When The Hopes Of A Nation Are On Broad Shoulders

When The Hopes Of A Nation Are On Broad Shoulders

Courtesy of WOWSA, Huntington Beach, California.

Open water swimming has a growing number of epicenters around the world. Traditional cities like Sydney and New York, and traditional locations like Serpentine and Aquatic Park are well-known, but there are also new centers of excellence and popularity.

Ireland is one of those emerging global centers. Events, training locations, camps, fans and voices of the sport are blossoming.

And when such a tipping point is reached, heroes start to emerge.

Men and women of unparalleled passion, commitment and focus. Individuals who represent the hope of their community, the sport and, in fact, a nation. Swimmers like young Chris Bryan. There is no truer maxim in open water swimming than “expect the unexpected.”

We expect to see several surprises at the Olympic Marathon Swim 10km and the final Olympic qualifier in Portugal where hopefuls and dark horses can do – and will do – the swim of their lives to capture a bit of Olympic glory.

Chris Bryan, Ireland’s top open water swimmer, is one of those athletes.

Like a hot song, Bryan has been steadily climbing the charts. Gaining racing experience with each head-to-head battle, Bryan is constantly improving. His latest bronze-medal finish at the 2012 European Open Water Swimming Cup is Eilat, Israel is only the latest example. Finishing behind Olympian Sergey Bolshakov of Russia and Gergely Gyurta of Hungary, Bryan took the bronze in 1:54:14 in front of the next tight pack of Yuval Safra (ISR, 1:54:16.2), Caleb Hughes (GBR, 1:54:16.7), Thomas Sunter (GBR, 1:54:16.8) and Gergely Kutasi (HUN, 1:54:18).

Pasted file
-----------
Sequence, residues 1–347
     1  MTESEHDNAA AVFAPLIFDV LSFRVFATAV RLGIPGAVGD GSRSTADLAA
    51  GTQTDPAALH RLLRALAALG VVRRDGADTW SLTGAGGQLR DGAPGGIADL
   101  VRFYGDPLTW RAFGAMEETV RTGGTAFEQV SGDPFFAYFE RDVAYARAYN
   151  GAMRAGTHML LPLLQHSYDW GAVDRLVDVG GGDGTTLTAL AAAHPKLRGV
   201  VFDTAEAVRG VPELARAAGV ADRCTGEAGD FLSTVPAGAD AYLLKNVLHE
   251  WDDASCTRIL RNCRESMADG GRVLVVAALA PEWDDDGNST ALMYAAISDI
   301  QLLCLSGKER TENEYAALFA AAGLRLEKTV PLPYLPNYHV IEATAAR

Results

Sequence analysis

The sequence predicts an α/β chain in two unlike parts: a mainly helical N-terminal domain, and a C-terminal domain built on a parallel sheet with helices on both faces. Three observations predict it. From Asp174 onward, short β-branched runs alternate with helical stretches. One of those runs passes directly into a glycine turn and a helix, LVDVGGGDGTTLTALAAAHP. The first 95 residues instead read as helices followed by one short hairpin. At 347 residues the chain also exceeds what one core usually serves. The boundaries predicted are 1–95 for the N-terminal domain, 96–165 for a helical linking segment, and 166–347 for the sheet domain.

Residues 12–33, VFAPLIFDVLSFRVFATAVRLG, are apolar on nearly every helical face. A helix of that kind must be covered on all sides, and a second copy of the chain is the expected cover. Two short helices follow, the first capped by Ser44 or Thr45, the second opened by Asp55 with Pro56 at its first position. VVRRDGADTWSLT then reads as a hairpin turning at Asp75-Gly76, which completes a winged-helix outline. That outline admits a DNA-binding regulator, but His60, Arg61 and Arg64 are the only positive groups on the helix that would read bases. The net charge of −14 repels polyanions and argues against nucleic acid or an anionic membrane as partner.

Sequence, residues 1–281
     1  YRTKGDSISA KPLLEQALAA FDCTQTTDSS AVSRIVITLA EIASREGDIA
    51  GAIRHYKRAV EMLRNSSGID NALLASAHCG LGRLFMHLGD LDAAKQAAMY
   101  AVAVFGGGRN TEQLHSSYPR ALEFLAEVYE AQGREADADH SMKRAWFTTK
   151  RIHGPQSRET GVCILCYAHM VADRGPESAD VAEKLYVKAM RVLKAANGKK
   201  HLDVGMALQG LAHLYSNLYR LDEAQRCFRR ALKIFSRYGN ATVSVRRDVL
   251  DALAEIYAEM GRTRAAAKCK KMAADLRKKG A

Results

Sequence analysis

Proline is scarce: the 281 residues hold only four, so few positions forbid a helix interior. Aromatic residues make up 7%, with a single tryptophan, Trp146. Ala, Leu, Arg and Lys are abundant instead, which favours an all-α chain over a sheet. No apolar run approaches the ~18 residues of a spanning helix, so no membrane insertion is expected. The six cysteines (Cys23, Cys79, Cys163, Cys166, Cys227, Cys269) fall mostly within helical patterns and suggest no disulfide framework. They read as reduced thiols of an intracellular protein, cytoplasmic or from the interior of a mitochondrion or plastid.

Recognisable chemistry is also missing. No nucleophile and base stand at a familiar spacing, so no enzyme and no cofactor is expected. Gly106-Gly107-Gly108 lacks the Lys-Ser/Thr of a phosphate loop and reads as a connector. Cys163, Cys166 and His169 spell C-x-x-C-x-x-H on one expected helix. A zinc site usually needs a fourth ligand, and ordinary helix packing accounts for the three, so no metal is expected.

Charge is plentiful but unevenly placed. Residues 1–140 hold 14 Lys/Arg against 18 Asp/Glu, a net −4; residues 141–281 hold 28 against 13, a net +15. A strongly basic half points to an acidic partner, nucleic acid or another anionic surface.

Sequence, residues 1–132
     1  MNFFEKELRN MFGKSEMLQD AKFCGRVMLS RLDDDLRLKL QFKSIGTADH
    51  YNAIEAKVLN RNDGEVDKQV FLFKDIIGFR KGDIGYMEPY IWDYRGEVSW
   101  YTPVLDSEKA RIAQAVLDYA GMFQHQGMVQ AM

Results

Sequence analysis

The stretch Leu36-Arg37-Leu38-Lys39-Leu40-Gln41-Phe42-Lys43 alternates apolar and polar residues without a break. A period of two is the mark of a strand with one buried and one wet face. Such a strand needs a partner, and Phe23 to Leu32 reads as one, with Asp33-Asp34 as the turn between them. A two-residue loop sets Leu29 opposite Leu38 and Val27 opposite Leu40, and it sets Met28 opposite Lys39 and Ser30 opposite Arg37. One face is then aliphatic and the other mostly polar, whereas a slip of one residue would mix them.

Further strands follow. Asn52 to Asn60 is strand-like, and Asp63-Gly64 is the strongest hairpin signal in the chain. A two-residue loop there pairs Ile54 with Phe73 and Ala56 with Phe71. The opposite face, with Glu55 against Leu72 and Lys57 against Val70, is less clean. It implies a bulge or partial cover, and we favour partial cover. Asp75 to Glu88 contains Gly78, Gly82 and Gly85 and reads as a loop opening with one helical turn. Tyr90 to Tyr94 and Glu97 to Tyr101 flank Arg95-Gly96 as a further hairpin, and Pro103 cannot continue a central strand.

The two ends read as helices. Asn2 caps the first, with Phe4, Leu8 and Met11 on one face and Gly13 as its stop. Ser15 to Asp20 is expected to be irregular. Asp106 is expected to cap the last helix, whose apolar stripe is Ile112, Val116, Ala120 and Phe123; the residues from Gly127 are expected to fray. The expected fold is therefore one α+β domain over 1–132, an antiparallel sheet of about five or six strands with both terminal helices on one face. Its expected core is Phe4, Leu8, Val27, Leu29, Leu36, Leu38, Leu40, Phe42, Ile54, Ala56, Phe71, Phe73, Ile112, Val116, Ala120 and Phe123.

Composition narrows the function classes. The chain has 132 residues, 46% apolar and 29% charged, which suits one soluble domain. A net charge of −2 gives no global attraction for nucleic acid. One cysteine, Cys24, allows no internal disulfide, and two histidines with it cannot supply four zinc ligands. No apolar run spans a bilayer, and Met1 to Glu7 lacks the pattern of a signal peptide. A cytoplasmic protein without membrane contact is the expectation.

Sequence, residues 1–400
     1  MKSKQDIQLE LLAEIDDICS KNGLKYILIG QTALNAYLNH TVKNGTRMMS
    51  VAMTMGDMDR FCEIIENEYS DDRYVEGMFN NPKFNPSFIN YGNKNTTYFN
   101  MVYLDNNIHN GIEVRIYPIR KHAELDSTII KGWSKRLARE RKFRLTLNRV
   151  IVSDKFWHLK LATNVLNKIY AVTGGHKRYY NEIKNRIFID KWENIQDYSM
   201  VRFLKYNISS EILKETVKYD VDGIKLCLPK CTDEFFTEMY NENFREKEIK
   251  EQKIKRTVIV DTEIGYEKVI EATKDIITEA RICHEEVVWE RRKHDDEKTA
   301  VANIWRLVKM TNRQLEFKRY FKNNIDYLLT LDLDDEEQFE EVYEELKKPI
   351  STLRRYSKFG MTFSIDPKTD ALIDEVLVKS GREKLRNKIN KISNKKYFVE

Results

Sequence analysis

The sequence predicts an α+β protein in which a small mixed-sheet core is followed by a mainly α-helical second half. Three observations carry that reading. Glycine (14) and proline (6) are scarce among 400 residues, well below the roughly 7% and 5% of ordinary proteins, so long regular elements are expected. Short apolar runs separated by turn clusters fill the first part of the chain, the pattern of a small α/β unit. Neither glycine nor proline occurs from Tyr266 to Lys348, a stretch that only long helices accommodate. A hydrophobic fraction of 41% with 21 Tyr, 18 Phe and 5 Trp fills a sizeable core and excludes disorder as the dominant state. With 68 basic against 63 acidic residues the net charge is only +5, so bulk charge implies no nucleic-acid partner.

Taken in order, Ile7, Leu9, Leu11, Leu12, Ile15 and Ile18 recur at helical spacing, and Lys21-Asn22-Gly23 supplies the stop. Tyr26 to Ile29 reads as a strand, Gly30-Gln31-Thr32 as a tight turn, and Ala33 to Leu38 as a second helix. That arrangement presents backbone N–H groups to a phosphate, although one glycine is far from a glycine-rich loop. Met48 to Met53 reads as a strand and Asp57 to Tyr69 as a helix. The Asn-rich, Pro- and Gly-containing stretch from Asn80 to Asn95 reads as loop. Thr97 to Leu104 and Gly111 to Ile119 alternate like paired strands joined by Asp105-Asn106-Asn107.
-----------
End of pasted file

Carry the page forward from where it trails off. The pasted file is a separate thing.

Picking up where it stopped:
He trains like an Olympian: “[Open water swimming] is a tough sport. I do a good bit of mileage. On an average week I’d do about 100 kilometers.”

He demonstrates intense focus: “I’d be on deck in the morning at 5:10 am for a 10 to 15-minute warm-up and I’d be in the pool then for two and a half to four hours. I’m back in the evening at 2:30 pm. There’s a warm-up for 30 minutes and then I’d be in the pool for another couple of hours.”

He shows increasingly savvy tactical knowledge: “[After the 10km race at the World Championships], I approached it differently and took it out a lot faster. I managed to stay within the top 15 swimmers for most of the race then towards the end myself and the French swimmer broke away and took a slightly different route than the pack. When I re-joined the pack I was in about eighth position and just stayed calm and pushed hard with fifteen minutes to go.”

And he is one tough Irishman, but possesses a cool calmness about himself, especially important in the heat of the battle: “The last 400 meters [at the world championships] was rough. Everyone was on top of each other, there was a lot of fighting and kicking. I got an elbow in the head but stayed calm and relaxed and really gave it my all to the finish.”

It is these kinds of athletes who train hard day in and day in. On the right day under the right conditions, Chris Bryan definitely has what it takes. Swim Ireland that supports him at Swim Ireland’s Limerick High Performance Centre under coach Ronald Claes.

Ireland and the Irish aquatics community is backing one strong, young open water swimming candidate.

On the broad shoulders of Bryan stands the right man at the right time in the right event. Stay tuned.

Copyright © 2012 by World Open Water Swimming Association
Steven Munatones